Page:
Ovarian follicles of young patients with Turner's syndrome contain normal oocytes but monosomic 45,X granulosa cells

Ronald Peek*, Myra Schleedoorn, Dominique Smeets, Guillaume Van De Zande, Freek Groenman, Didi Braat, Janielle Van Der Velden, Kathrin Fleischer

*Corresponding author for this work

Research output: Contribution to journalArticleAcademicpeer-review


What is the X chromosomal content of oocytes and granulosa cells of primordial/primary (small) follicles and stromal cells in ovaries of young patients with Turner's syndrome (TS) SUMMARY ANSWER: Small ovarian follicles were detected in one-half of the patients studied, and X chromosome analysis revealed that most oocytes were normal, granulosa cells were largely monosomic, while stromal cells showed a high level of mosaicism. WHAT IS KNOWN ALREADY: Most women with TS experience a premature reduction or complete loss of fertility due to an accelerated loss of gametes. To determine whether fertility preservation in this group of patients is feasible, there is a strong need for information on the X chromosomal content of ovarian follicular and stromal cells. STUDY DESIGN, SIZE, DURATION: Small follicles (<50 μm) and stromal cells were isolated from ovarian tissue of young TS patients and analysed for their X chromosomal content. In addition to ovarian cells, several other cell types from the same patients were analysed. PARTICIPANTS/MATERIALS, SETTING, METHODS: After unilateral ovariectomy, ovarian cortex tissue was obtained from 10 TS patients (aged 2-18 years) with numerical abnormalities of the X chromosome. Ovarian cortex fragments were prepared and cryopreserved. One fragment from each patient was thawed and enzymatically digested to obtain stromal cells and primordial/primary follicles. Stromal cells, granulosa cells and oocytes were analysed by FISH using an X chromosome-specific probe. Extra-ovarian cells (lymphocytes, buccal cells and urine cells) of the same patients were also analysed by FISH. Ovarian tissue used as control was obtained from individuals undergoing oophorectomy as part of their gender affirming surgery. MAIN RESULTS AND THE ROLE OF CHANCE: Ovarian follicles were detected in 5 of the 10 patients studied. A method was developed to determine the X chromosomal content of meiosis I arrested oocytes from small follicles. This revealed that 42 of the 46 oocytes (91%) that were analysed had a normal X chromosomal content. Granulosa cells were largely 45,X but showed different levels of X chromosome mosaicism between patients and between follicles of the same patient. Despite the presence of a low percentage (10-45%) of 46,XX ovarian cortex stromal cells, normal macroscopic ovarian morphology was observed. The level of mosaicism in lymphocytes, buccal cells or urine-derived cells was not predictive for mosaicism in ovarian cells. LIMITATIONS, REASONS FOR CAUTION: The results are based on a small number (n = 5) of TS patient samples but provide evidence that the majority of oocytes have a normal X chromosomal content and that follicles from the same patient can differ with respect to the level of mosaicism of their granulosa cells. The functional consequences of these observations require further investigation. WIDER IMPLICATIONS OF THE FINDINGS: The results indicate that despite normal ovarian and follicular morphology, stromal cells and granulosa cells of small follicles in patients with TS may display a high level of mosaicism. Furthermore, the level of mosaicism in ovarian cells cannot be predicted from the analysis of extra-ovarian tissue. These findings should be considered by physicians when offering cryopreservation of ovarian tissue as an option for fertility preservation in young TS patients. STUDY FUNDING/COMPETING INTEREST(S): Unconditional funding was received from Merck B.V. The Netherlands (Number A16-1395) and the foundation 'Radboud Oncologie Fonds' (Number KUN 00007682). The authors have no conflicts of interest. TRIAL REGISTRATION NUMBER: NCT03381300.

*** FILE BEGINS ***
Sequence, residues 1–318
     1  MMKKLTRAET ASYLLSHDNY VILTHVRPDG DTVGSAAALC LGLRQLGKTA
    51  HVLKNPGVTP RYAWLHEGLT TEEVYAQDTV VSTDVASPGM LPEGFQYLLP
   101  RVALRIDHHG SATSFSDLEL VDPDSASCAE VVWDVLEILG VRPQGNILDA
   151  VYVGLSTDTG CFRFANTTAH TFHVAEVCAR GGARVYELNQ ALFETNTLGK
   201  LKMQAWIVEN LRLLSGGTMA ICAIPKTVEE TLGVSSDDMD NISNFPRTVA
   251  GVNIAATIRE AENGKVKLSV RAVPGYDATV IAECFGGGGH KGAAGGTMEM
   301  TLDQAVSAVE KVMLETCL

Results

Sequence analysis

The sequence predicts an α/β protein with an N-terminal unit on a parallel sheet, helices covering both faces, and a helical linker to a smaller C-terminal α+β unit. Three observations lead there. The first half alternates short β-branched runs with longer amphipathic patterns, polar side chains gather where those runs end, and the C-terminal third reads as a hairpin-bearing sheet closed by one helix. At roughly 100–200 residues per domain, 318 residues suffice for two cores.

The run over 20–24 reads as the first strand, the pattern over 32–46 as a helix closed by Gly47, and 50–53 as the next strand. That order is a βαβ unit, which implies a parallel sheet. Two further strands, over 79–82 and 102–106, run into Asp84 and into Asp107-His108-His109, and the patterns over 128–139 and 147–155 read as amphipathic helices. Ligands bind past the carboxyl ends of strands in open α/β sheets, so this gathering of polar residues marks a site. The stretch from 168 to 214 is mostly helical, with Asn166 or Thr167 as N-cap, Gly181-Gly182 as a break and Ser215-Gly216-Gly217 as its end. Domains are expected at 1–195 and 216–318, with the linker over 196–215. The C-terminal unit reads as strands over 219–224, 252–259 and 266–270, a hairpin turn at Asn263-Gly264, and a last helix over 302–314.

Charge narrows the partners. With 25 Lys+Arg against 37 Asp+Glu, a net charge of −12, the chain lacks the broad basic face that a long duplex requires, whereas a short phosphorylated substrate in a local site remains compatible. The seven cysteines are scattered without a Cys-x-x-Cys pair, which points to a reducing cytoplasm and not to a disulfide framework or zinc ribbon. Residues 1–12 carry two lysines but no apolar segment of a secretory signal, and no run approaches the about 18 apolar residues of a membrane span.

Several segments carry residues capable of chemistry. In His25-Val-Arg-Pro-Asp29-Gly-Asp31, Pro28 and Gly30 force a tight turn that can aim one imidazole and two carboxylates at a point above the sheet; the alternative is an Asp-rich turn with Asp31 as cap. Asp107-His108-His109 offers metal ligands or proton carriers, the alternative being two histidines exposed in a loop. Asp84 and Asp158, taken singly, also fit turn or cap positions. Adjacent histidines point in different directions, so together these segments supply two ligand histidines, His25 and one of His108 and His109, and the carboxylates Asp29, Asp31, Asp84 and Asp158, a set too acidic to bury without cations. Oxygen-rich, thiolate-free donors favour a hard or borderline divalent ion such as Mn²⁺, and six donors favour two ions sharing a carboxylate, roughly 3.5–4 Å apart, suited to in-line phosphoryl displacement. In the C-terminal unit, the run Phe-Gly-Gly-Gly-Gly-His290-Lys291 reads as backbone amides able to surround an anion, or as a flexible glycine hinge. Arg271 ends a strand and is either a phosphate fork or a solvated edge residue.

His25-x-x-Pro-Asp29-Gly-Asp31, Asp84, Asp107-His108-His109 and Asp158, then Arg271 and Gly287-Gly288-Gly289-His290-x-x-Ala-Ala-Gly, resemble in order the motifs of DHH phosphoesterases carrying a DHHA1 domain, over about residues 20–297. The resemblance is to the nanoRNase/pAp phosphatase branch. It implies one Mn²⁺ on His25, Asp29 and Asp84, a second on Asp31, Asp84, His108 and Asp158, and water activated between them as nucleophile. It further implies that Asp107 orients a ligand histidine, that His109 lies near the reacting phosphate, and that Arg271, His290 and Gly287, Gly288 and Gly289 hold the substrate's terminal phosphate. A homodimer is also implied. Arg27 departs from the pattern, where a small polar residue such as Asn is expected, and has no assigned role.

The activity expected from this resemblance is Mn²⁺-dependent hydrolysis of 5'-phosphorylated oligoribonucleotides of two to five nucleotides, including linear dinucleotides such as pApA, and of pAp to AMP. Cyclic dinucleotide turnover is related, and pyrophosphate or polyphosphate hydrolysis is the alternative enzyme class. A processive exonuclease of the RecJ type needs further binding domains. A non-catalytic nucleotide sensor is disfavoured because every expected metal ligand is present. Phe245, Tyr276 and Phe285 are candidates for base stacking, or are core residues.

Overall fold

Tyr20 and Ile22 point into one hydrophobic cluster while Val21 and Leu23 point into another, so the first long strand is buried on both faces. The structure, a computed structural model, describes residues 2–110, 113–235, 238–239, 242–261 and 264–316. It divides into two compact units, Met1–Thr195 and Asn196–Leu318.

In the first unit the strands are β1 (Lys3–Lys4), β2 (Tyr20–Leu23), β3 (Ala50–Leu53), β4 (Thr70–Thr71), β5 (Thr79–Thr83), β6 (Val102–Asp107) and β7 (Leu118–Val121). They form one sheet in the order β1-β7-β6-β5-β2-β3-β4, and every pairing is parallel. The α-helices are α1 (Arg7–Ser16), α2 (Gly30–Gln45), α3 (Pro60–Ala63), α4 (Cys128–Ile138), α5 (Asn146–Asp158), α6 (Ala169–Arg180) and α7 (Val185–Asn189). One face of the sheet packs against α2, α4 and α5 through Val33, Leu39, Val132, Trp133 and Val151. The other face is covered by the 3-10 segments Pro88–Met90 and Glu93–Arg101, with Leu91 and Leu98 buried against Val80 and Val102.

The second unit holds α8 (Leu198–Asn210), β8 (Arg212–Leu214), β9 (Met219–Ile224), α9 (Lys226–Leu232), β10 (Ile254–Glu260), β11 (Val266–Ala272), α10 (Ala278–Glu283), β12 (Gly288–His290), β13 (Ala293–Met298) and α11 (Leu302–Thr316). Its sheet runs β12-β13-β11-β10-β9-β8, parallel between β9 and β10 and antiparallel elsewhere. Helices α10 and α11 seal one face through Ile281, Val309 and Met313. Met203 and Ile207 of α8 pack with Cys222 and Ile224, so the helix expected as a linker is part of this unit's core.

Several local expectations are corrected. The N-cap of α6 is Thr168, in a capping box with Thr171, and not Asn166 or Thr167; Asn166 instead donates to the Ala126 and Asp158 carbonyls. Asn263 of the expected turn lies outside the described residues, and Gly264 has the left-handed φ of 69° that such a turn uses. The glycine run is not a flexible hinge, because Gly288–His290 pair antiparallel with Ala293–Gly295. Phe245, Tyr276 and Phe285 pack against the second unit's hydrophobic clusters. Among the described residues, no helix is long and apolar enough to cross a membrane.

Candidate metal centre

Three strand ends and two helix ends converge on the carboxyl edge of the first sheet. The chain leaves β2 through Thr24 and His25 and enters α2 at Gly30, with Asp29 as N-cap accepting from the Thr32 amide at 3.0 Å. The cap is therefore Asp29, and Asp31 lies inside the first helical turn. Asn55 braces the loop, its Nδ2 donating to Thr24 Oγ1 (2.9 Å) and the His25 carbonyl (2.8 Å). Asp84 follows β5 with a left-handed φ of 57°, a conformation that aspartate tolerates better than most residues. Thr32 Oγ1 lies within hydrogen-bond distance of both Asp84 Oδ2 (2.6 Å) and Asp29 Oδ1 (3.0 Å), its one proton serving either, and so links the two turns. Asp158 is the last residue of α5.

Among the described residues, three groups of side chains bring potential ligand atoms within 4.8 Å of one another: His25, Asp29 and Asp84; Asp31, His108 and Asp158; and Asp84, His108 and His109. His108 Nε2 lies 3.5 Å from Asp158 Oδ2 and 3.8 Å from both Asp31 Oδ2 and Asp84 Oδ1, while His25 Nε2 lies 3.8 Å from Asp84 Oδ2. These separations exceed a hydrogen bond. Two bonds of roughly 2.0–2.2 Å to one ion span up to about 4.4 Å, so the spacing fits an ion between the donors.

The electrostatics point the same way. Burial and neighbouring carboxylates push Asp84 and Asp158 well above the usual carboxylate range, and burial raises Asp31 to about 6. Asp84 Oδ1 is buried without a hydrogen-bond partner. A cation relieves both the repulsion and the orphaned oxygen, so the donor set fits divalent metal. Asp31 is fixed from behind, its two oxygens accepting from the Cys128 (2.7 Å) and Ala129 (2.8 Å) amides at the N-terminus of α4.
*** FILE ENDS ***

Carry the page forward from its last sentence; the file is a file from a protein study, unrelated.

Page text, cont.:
Original languageEnglish
Pages (from-to)1686-1696
Number of pages11
JournalHuman Reproduction
Issue number9
Publication statusPublished - 29 Sep 2019

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